RURAL ROUTES/Margot Ford McMillen

Missouri Asks: Who are the Farmers and Ranchers?

To the Missouri farmers and supporters gathered on High Street in Jefferson City on Feb. 25, it may have seemed like going the wrong way. On one side of the street is the Capitol, where lawmakers were debating a bill that would force a new “checkoff” tax on beef producers who had no way to vote on it or even to determine where the money would go. And, in the Capitol rotunda, rural residents were rallying for Medicaid expansion, a claiming of federal money that could save hospitals and ambulance service in rural communities.

But we were crossing High Street, entering the Supreme Court building, to hear arguments on Amendment One. This was the so-called “right to farm” amendment that pulled the wool over the eyes of voters back in August. Corporate agriculture boasts that they won that election, guaranteeing themselves rights to use any technology, chemicals, Concentrated Animal Feeding Operations or whatever even if it harms their neighbors. For the rest of us, who believe we have the right to farm without chemicals or CAFOs, the amendment seems to guarantee our rights as well.

The real winners are the lawyers with the right to battle in court as the meaning of the amendment is sleuthed out.

Before going further, let me remark that this ballot issue was proposed by the Missouri legislature and not by voters. It was a suggestion from the American Legislative Exchange Council, or ALEC, a right-wing think tank that builds legislation and offers it to members who are lawmakers. Similar constitutional amendments have been passed in a couple of other states and may be in your state next. ALEC invites lawmakers to conventions to learn about these laws, in Missouri’s case, travel to the conventions are paid by taxpayers.

From the beginning, the issue has been confusing. The ballot asked, “Shall the Missouri Constitution be amended to ensure that the right of Missouri citizens to engage in agricultural production and ranching practices shall not be infringed? It added, “A ‘yes’ vote will amend the Missouri Constitution to guarantee the rights of Missourians to engage in farming and ranching practices, subject to any power given to local government under Article VI of the Missouri Constitution.” Article VI, by the way, gives rights to counties to zone for industry and residences.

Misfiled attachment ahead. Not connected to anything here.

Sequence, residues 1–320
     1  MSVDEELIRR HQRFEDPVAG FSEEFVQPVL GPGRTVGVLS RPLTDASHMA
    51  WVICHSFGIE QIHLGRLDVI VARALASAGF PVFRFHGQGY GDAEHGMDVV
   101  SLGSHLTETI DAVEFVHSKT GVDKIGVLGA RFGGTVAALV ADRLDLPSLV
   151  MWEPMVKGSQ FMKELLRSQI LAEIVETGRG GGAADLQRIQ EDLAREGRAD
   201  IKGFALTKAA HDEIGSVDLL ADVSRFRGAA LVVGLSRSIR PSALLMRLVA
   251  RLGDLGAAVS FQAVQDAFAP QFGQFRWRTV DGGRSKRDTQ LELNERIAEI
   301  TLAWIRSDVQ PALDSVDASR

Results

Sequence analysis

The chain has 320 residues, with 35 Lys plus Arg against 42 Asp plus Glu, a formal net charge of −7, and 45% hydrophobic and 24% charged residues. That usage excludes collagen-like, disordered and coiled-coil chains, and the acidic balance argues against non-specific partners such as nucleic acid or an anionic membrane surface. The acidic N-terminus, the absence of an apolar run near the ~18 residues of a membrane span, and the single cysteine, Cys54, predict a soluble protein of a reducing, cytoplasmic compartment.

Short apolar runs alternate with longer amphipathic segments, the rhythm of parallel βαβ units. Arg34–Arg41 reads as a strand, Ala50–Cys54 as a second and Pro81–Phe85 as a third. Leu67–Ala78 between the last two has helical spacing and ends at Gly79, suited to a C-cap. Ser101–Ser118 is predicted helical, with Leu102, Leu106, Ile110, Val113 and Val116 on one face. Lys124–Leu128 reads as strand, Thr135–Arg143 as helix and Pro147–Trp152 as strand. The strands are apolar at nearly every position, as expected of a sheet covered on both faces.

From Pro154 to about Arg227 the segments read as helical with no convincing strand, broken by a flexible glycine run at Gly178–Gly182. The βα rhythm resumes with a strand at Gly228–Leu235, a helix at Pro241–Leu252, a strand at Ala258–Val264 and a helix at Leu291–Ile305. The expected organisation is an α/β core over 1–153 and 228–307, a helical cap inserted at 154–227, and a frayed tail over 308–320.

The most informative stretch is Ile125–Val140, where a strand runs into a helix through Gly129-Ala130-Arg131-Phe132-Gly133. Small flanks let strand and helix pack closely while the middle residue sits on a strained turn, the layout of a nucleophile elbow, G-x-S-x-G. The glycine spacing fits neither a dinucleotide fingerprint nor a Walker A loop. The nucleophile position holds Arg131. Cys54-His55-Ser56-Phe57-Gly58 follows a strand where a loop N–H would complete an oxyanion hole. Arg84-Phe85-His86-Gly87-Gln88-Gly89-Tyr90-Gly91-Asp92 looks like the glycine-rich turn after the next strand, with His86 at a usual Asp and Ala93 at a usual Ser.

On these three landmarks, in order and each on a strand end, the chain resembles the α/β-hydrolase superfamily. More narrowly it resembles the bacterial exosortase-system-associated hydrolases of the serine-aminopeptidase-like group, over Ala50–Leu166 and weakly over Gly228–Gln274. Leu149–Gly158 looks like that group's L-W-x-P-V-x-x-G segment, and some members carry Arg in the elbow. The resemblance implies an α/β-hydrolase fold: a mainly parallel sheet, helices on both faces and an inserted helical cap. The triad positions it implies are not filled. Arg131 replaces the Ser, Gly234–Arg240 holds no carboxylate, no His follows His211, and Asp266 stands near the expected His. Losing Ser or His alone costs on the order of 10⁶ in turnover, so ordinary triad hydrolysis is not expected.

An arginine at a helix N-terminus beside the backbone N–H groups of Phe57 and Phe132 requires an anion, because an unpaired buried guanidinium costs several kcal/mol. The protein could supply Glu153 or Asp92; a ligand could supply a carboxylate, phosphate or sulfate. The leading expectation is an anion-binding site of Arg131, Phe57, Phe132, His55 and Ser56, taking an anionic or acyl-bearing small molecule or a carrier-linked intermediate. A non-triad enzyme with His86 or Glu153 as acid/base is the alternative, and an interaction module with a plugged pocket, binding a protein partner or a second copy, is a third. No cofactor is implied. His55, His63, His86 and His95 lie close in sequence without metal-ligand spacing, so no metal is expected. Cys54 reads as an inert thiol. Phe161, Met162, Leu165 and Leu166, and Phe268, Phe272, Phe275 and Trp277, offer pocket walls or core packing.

But the amendment has different language: “To protect this vital sector of Missouri’s economy, the right of farmers and ranchers to engage in farming and ranching practices shall be forever guaranteed in this state, subject to duly authorized powers, if any, conferred by article VI of the Constitution of Missouri.”

See the problem? The ballot said, “citizen.” The amendment says, “farmers and ranchers.” Just whose rights are being guaranteed? And, given the confusion, was the vote valid?

The Court was hearing the suit against the state, brought by Missouri Rural Crisis Center, Missouri Farmers Union and Missouri’s Food for America. Lawyer for the groups, Anthony DeWitt, began his argument by quoting Mark Twain. “The difference between the right word and the almost right word is the difference between lightning and a lightning bug.” And that’s the crux of the matter. Ballot language is written by the Secretary of State’s office and reviewed by the Governor’s office. The third branch of government—judicial—has no procedure to review it even though they will be responsible for interpretation if it passes. The farm groups were asking that the election would be set aside and that a new election would be held with language that was more accurate and fair.

The Supremes asked question after question. Is there evidence that there was confusion? Of course, but not in writing and not in presentable form. There is story after story of voters who voted yes thinking that they were helping farmers, only to later learn that they were probably helping corporations.

Why didn’t farmers protest before the election? DeWitt answered that the window of opportunity for protest is impossibly small. Ballot language is announced ten days before the ballots are printed. And, once they are printed, it is too late. Justice Teitelman remembered that in 2000, Missourians elected a dead man to the US Senate, voting for Mel Carnahan just weeks after he had been killed in a plane crash. His wife, Jean, served his term.

Had anyone been harmed by the passage? Well, it is too early to tell.

Was the purpose of the ballot language to communicate the meaning of the amendment or the purpose of the amendment? Is there proof that there was a bias in the language or was it enough to say that it was misleading?

The state pointed out that even though ballot language is brief, of necessity, 36 words in this case, it is easy for voters to do their own research. The entire amendment was printed in the newspaper, and, these days, it’s easy to do research on the internet. Yeah ... right...

What I found most chilling was the assertion that correcting this egregious error would open a Pandora’s Box to protestors of elections of all kinds. Every ballot summary is misleading, they seemed to say, and no matter how it is written, the language can still mislead voters.

Now that, for sure, is going the wrong way.

Margot Ford McMillen farms near Fulton, Mo. Email:

From The Progressive Populist, April 1, 2015

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